The eight specimens of calcite on display at NIH, each vastly different from the next, are just a hint at its importance for many different applications: its main component is calcium, one of the most abundant minerals on earth, and in the human body. Necessary for healthy bones and teeth, calcium from calcites have been used in everything from antacids to manufacturing high-precision optics for scopes used in medical research.
There’s even a sample in the display that came from just down the road from the NIH: a small chunk of gold from Montgomery County, Md.
Gallin, a rockhound from the age of five after he found a garnet crystal lying amid a gravel gas station parking lot during a family road trip, worked with Wise and Post to winnow down selections for the exhibit. He solicited input from clinicians and researchers around the NIH. Suggestions trickled in: platinum, silica, titanium, talc, bismuth, mercury. Arsenic came quickly to Gallin’s mind, as it was a key component to the first modern antibiotic derived by 1908 Nobel Prize recipient Paul Ehrlich. Wise and Post then included a specimen of realgar, an important (but non-toxic) source of arsenic.
With more than 375,000 objects in the Natural History Museum’s Gem and Mineral Collection, it’s rare that more than just a fraction of the pieces in the Smithsonian’s care are ever removed from the long, dim aisles where they reside. Hunting through the collection gave Post and Wise an opportunity to look at the collection with new eyes, especially among the largest pieces where they perch on tall, deep shelves in one corner of a cavernous storage area.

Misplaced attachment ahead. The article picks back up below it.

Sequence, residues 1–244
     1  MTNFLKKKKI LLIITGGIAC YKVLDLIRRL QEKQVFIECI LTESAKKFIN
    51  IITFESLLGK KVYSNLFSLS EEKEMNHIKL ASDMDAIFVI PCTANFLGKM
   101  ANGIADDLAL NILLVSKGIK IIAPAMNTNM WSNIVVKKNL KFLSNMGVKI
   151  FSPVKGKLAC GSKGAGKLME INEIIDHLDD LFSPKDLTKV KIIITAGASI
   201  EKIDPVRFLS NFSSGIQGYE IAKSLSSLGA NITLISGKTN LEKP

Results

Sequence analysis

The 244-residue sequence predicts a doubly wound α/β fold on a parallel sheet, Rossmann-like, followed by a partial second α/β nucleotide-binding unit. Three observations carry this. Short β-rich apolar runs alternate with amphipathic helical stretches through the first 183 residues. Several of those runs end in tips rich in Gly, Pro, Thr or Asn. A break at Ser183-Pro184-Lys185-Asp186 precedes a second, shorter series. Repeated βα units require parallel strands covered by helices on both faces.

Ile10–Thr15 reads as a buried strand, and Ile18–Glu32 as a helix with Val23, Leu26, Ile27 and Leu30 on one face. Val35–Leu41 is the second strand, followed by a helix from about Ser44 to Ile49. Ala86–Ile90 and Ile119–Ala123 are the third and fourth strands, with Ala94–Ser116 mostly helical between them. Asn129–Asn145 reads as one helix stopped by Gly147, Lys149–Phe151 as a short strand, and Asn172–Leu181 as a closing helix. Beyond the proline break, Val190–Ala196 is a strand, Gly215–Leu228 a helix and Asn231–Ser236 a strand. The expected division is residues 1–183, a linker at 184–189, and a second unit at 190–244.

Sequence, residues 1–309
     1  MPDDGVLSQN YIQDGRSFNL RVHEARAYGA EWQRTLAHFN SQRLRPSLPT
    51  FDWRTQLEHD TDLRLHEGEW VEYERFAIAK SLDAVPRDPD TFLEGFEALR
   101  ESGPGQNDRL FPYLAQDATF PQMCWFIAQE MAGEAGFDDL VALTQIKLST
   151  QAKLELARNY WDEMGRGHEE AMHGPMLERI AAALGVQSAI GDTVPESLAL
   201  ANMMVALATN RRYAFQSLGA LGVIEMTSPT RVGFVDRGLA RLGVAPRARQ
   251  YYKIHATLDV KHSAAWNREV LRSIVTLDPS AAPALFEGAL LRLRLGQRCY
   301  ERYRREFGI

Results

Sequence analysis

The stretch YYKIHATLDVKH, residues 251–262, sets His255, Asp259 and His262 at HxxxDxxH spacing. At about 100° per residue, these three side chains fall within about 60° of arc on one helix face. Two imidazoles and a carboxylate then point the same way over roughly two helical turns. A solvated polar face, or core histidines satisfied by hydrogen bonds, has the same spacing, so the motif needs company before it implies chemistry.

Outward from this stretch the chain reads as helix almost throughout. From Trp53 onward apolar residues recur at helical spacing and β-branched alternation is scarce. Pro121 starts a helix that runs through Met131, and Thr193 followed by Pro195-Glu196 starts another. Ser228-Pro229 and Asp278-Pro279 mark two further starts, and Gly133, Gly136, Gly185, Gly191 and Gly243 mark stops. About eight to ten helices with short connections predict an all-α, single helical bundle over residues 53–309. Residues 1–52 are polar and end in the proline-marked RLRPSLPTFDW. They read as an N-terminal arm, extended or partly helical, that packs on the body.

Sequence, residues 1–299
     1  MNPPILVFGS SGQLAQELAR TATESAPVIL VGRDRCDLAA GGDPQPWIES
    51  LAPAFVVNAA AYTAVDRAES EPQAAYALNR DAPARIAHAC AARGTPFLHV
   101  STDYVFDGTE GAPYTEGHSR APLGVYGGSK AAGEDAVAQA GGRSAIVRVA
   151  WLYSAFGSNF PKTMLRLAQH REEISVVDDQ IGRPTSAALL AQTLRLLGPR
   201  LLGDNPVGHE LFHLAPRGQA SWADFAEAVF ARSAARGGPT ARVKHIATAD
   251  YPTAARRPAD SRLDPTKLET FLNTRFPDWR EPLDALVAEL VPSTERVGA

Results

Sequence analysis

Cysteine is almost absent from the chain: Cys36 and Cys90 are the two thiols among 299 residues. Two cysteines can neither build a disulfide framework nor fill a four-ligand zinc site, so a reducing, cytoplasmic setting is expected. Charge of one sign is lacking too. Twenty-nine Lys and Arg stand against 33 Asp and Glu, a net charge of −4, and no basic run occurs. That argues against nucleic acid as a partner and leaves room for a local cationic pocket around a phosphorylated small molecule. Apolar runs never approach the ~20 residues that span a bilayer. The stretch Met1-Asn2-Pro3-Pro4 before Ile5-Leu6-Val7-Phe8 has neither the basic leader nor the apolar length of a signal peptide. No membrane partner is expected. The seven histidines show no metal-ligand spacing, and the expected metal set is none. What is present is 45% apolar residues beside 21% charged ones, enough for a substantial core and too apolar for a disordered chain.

“These have been sitting here for so long and don’t get used much, so it’s been a good opportunity for us to get some use out of them,” Wise said.
Unfortunately for the realgar sample, it was quickly returned to darkness: Post and Wise belatedly realized that as a photosensitive mineral, the bright lights of the NIH hospital display case had caused it to start disintegrating as it altered into the related mineral orpiment.
“We got a real kick out of this,” Post said. “Many of the specimens at NIH have never been on display before. We cleaned them up and they get their moment on the stage, and wow, they look nice! It gave us a chance to appreciate them better. Look at them! How can you not love them?”
The two mineralogists admit they sometimes become immune to the spectacular nature of the materials they work with, and forget how transformative just looking at them can be for people who don’t see them on a daily basis.
“Our entire goal is to help people think about the earth a little differently, and you can’t be so jaded about the place you live when you realize the earth made these things,” Post said. “They exemplify the complexity, beauty and brilliance of the earth, and for many of us here, it was the first time seeing something like this that put us down the path, like magic, wanting to know more.”